Did you vote?


I received a phone call asking me to help with a last minute drive to support the Obama campaign. "Sorry," I said, "I'm working in China right now."

I was excited to have my opportunity vote, despite living in another country. But after my trip to the Post Office I began to wonder about the cost.

In China I make nearly 1400 yuan, which is fancy Chinese talk for $200. But living here and spending the money makes its value much stronger than it seems. I would argue that one could treat my salary as dollars. Lunches cost me 5 yuan (America $5) and making copies 3 jiao (America .03 c), so I feel that my salary of 1400 yuan is like living in America on $1400 (not bad, right?).

In the Post Office they wanted 187 yuan to send my ballot to America via Airmail. If you want to do the calculation that's fine (just divide by 6.8), but I try not to think of it that way. The truth is, I just spent 187 dollars to send in a ballot that might not even be counted (who knows how long it will really take).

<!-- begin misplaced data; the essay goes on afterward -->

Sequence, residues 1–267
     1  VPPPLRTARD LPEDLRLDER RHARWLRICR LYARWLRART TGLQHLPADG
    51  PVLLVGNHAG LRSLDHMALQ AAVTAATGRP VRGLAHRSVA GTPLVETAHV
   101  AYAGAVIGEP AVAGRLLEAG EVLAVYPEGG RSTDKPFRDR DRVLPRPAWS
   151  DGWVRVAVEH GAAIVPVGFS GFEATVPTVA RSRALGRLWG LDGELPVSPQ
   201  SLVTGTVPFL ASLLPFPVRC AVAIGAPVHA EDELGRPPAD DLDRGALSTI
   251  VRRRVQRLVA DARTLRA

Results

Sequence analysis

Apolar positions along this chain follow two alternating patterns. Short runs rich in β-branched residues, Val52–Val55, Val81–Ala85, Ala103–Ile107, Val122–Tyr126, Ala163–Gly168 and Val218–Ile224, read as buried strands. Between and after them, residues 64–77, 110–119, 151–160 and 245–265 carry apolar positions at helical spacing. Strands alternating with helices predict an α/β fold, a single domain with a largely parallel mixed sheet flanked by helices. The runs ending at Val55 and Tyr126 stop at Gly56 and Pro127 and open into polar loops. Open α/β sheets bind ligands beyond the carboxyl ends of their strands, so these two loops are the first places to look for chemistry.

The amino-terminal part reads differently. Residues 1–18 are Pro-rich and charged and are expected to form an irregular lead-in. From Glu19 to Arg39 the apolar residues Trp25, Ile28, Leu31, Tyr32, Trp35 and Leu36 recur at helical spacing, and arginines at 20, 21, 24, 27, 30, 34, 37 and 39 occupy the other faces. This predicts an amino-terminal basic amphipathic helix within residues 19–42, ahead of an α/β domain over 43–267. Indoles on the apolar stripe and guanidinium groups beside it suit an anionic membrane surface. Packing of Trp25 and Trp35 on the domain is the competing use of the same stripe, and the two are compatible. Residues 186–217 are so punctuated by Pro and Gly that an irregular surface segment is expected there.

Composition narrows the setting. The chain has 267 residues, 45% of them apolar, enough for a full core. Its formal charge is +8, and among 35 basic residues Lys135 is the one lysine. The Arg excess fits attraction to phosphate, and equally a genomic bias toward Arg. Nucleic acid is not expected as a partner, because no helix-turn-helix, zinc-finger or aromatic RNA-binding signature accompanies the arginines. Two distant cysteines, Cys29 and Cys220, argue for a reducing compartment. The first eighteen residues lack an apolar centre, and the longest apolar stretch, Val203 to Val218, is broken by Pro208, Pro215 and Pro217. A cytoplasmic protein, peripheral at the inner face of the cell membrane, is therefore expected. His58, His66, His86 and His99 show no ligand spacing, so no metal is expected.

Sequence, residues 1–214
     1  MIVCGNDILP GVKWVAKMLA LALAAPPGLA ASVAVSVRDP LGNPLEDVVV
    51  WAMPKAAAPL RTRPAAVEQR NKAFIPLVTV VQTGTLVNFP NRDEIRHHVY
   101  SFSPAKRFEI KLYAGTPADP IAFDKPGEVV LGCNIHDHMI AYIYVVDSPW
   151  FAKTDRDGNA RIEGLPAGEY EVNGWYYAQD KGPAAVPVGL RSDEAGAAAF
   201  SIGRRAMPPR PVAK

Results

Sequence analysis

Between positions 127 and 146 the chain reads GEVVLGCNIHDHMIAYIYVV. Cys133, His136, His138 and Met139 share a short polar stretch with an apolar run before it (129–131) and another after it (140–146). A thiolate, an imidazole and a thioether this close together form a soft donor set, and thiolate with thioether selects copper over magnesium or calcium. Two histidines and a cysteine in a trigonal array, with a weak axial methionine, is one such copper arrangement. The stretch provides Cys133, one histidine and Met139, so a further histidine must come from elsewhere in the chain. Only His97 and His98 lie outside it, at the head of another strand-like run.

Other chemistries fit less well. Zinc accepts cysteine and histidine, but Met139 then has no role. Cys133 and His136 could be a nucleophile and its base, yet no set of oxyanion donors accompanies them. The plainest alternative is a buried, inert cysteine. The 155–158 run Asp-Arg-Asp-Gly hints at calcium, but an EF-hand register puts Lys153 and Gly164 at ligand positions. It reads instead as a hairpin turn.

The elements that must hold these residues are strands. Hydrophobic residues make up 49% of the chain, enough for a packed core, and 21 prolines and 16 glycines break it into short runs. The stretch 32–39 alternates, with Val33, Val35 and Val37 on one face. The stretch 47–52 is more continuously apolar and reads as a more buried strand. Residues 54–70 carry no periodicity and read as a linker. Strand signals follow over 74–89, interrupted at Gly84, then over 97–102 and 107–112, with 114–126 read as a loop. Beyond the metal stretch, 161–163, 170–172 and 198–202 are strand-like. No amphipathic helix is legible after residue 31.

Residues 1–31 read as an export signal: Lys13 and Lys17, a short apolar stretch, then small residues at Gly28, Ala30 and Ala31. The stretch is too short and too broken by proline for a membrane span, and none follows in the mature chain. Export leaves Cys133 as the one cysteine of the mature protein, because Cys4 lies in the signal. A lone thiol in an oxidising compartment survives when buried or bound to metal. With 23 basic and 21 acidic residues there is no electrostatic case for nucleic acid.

But it was worth it. Absolutely.

The faces of my students made me feel good about America. Their wonder that I could vote from China was clear. They seemed to understand the importance of this rare moment of American democracy. One student looked at my ballot and spoke rapid Chinese to everyone else. I only caught one phrase: "This way is better."

I guess my only disappointment is not receiving one of those little stickers: "I voted."

Post Office Receipts


alison said...

What? We sent ours two weeks ago for about Y15 each. So, either your vote will actually get there (ours won't), or you paid way too much.

Dustin said...


I sent it by air, not boat.